13 Things Authors Want You to Know About Writing a Book

At this year’s Her Conference in New York City, four authors shared the tricks of the trade and offered advice to aspiring novelists about what it's really like to write a book, find an agent, sign a book deal and get published. If you've always dreamt of writing a novel but don't know where to start, read on to get the inspiration you need to craft the next bestseller. After all, the rest is still unwritten!

On getting inspired:

1. "If you love books and you read books carefully, you realize all that goes into it.” – Benjamin Rachlin, author of Ghost of the Innocent Man: A True Story of Trial and Redemption

2. “Live a little bit and notice what’s unnoticed. Go people-watching.” – Tia Williams, author of The Perfect Find and Copy Director at Bumble and bumble

On putting pen to paper:

3. “Once you’ve obsessed over the idea, set a deadline and stick to it.” – Hannah Orenstein, author of Playing with Matches and Assistant Features Editor at Seventeen.com

4. "You need to plot it out from beginning to end. Don't leave out any detail in your story, and know exactly what's coming next at every moment.” – Julie Pennell, author of The Young Wives Club

5. "Use a beat sheet, which is an outline or template to work from. You can find them online for just about every genre." — Tia Williams

What to do after you've finished your book:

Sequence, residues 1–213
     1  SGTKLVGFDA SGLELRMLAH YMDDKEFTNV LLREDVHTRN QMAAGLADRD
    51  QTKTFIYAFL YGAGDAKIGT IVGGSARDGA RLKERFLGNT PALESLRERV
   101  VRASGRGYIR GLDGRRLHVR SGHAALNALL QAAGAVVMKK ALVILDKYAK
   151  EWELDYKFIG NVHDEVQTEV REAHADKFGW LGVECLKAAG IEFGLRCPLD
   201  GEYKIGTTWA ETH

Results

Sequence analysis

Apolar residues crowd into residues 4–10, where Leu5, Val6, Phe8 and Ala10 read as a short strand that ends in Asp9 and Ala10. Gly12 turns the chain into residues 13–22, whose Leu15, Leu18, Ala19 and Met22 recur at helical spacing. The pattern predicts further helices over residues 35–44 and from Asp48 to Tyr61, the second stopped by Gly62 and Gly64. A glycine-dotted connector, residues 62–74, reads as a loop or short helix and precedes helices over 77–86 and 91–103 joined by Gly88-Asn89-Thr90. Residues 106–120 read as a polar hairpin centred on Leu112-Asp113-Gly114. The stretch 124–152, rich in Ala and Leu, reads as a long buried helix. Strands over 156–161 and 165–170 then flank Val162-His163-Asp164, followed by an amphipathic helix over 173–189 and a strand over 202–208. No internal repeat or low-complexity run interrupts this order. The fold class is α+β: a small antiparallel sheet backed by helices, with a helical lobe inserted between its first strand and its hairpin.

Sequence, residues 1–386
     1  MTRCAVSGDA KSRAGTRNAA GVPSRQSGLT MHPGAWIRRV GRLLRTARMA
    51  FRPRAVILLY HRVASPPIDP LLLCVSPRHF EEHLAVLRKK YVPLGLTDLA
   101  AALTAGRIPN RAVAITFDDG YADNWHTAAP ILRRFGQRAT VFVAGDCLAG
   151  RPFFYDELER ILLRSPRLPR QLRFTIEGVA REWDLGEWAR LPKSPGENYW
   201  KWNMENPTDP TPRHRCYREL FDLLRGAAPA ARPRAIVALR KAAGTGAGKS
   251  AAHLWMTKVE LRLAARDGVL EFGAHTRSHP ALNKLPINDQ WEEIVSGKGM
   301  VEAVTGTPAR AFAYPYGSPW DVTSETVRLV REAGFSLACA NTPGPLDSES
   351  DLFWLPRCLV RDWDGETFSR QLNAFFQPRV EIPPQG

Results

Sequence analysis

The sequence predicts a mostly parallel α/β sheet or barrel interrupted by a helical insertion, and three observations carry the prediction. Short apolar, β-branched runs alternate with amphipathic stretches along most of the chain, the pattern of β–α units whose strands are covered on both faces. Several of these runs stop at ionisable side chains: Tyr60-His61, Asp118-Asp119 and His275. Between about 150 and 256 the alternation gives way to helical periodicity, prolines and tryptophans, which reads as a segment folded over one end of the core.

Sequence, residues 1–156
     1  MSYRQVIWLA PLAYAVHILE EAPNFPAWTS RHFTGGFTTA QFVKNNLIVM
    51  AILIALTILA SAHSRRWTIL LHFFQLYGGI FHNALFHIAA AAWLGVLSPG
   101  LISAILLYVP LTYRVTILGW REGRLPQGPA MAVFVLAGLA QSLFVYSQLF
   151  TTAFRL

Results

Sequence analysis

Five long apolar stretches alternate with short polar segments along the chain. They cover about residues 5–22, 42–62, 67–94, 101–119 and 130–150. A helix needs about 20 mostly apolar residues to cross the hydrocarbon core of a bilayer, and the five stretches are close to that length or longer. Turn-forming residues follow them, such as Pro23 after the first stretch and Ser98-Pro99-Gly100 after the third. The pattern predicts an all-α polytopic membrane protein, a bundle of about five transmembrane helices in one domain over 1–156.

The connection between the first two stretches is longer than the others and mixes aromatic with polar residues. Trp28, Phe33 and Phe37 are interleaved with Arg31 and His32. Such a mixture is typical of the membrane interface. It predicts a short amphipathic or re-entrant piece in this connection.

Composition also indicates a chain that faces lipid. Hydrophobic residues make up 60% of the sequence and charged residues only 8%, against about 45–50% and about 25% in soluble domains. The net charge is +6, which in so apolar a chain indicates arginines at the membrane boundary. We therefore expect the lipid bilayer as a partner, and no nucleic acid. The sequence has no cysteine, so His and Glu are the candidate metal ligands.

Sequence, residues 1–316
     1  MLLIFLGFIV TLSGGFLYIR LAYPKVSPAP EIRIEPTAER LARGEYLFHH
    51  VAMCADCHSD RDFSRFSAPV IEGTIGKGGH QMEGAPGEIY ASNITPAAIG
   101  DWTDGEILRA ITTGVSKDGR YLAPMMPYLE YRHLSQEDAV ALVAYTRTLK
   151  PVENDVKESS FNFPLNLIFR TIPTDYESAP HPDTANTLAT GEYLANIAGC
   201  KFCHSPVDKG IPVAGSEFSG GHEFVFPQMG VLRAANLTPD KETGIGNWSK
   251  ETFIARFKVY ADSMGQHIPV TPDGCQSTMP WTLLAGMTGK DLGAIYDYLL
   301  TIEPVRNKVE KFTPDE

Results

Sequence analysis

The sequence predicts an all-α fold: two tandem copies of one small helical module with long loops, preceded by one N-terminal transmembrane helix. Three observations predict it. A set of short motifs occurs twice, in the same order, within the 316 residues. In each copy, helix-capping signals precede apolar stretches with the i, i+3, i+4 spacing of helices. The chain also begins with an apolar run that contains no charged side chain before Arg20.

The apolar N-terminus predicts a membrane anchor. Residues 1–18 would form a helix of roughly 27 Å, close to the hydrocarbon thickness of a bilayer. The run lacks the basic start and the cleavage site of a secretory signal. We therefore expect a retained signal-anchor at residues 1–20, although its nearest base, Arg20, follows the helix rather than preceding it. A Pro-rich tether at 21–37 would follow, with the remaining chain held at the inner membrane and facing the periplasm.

6. “For fiction, you sell a manuscript. For nonfiction, you sell a book proposal." — Benjamin Rachlin

7. "Join Facebook groups for writers, and use the websites Manuscript Wishlist and Literary Market Place." — Hannah Orenstein

8. “While waiting to hear from agents, write something else. Never stop writing.” — Tia Williams

On maintaining connections:

9. "Following up and personal relationships are vital." – Benjamin Rachlin

10. "You can't overstate the importance of making real bonds with people in the industry." — Tia Williams

Advice on not getting discouraged:

11. "Nobody's first draft is perfect. Keep writing." — Julie Pennell

12. “So many eyes will see your writing—including people that don’t care about you. That’s why it’s so important to really believe in your work.” – Tia Williams

13. "After reading my first draft, a classmate said, 'Honestly, I thought you were kinda basic, but this is actually really good.' Don't underestimate basic girls." — Hannah Orenstein

This year's Her Conference mantra, "Now is the new later," aligns perfectly with each author's advice to simply start writing. Write when you're inspired and when you're uninspired. Get to know your characters and the world you're creating. There's no time like the here and now to tell your story, so pick up a pen, crack open that notebook (or Word doc) and let the writing (and rewriting) begin.

Check out #HerConference on Twitter and Instagram to explore more highlights from the event!  

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About The Author

Darcy Schild is a University of Florida junior majoring in journalism. She's the Editor-in-Chief of Her Campus UFL and is also a national section editor. She spent Summer 2017 as an Editorial Intern at HC headquarters in Boston, where she oversaw the "How She Got There" section and wrote and edited feature articles and news blogs. She also helped create the weekly Her Campus Instagram Story series, Informed AF. Follow her on Twitter and on her blog, The Darcy Diaries.